A number of physical arts are practiced today for either an occupation, sports, or simply a hobby, and the right gear is needed. One of the more mundane, but no less important things to have on hand, is crash mats or gymnastics pads. These aren’t glamorous items, but they’re pretty important to make sure that a practicing gymnast, whether a high school student or Olympic competitor, may practice safely. After all, gymnastics call for tumbling, leaping, rolling, and much more, and sometimes, the practitioner might make a mistake and fall over. When this happens, gymnastics practice mats may help absorb the impact. Without it, a person may suffer from bruising or even bone fractures by falling or tumbling onto sheer concrete or wooden floors, so safety comes first. Some of these mats are a gymnastics cheese mat, meaning that they’re wedge-shaped (like a cheese slice), and these gymnastics cheese mats create an inclined plane if the gymnast needs one. Good practice may be done on a gymnastics cheese mat, and someone can find one online with a search such as “good gymnastics cheese mats near me”.
What else is there to know about gymnastics cheese mats or regular mats for gymnastics or martial arts? These are light but tough items, and they may even have creases and thin points where a user may fold them up like a sheet of paper to save room during storage. These mats don’t have anything fragile in them, and they can be handled a bit roughly without any trouble. Best of all, they’re lightweight despite being so durable, having foam padding inside them to absorb impacts from even the heaviest of people. A 250-pound martial artist will be just as safe as a high school gymnastics girl falling onto a mat like this. It should be noted, though, that these mats are not indestructible. People should not wear hard-soled shoes on them, nor should they bring any pointed or bladed or sharp items near these mats. If they do, such items may tear the mat and allow stuffing to leak out, and this will put rips on the protective fabric. And if the mat continues to be used, that may open the rip even wider, totally ruining the mat. If a mat is torn like this, it should be taken away for repairs or have its outer covers replaced at once. Finally, people are discouraged from bringing food or drinks near such mats, as liquids or food items may stain them. At the very least, it could cause a mess.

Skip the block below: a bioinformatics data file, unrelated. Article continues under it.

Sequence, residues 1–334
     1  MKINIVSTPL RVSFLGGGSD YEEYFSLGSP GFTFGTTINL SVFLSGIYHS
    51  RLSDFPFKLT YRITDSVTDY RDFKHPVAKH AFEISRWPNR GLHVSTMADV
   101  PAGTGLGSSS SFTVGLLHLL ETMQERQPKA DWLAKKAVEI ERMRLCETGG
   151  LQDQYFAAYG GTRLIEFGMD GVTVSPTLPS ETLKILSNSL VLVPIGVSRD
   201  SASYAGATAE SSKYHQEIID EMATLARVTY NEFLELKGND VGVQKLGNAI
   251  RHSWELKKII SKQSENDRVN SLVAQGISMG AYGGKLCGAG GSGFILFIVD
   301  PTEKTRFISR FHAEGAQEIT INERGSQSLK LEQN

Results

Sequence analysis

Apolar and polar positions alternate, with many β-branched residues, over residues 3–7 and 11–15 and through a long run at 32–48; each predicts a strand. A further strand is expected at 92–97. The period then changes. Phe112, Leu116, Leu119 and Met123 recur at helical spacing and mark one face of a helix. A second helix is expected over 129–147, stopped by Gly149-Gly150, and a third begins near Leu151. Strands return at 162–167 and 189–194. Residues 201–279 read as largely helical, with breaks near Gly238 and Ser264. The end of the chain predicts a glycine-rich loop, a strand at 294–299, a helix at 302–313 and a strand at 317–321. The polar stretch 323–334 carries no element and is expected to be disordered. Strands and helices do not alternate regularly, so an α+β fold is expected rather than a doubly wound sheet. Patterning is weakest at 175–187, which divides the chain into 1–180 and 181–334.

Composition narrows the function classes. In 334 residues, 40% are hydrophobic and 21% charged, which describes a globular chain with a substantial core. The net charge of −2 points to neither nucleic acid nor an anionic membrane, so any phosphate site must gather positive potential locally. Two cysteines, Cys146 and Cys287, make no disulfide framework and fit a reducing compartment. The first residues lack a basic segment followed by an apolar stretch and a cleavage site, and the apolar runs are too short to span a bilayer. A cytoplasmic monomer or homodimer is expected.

Such mats may vary in their size, shape, and color, and smaller ones may not even need to be folded up for storage. Some mats are in fact a series of interlocking, foam-padded puzzle pieces or tiles that can be arranged as needed for a practice session. These tiles may be assembled into an area as large or small as the user needs, and they may be patterned to have certain colors or even look like a wooden floor. This may be helpful for karate dojo filled with students practicing.
Other Users of Mats
Gymnasts are known for using mats like these even during official events as well as practice, but they’re not alone. Martial arts schools, police training academies, and military training sites may also use these mats so that people may practice martial arts and grappling. At a police academy or a military training zone, instructors will lay out such mats and use them to train their cadets, without the risk of someone suffering bruises or bone fractures while practicing throws or kicks. People may often get knocked down while they are training, and a drill instructor will not be happy if their trainees get a bone fracture and miss later training while recovering. Padded mats can help with this. And of course, a martial arts class may do much the same, and a trainer will lay out these mats as needed. In some cases, a karate class may involve assembling foam tiles patterned to look like a wooden floor. This can help with a large class where everyone needs crash impact resistance, and it maintains the wooden floor aesthetic of a dojo.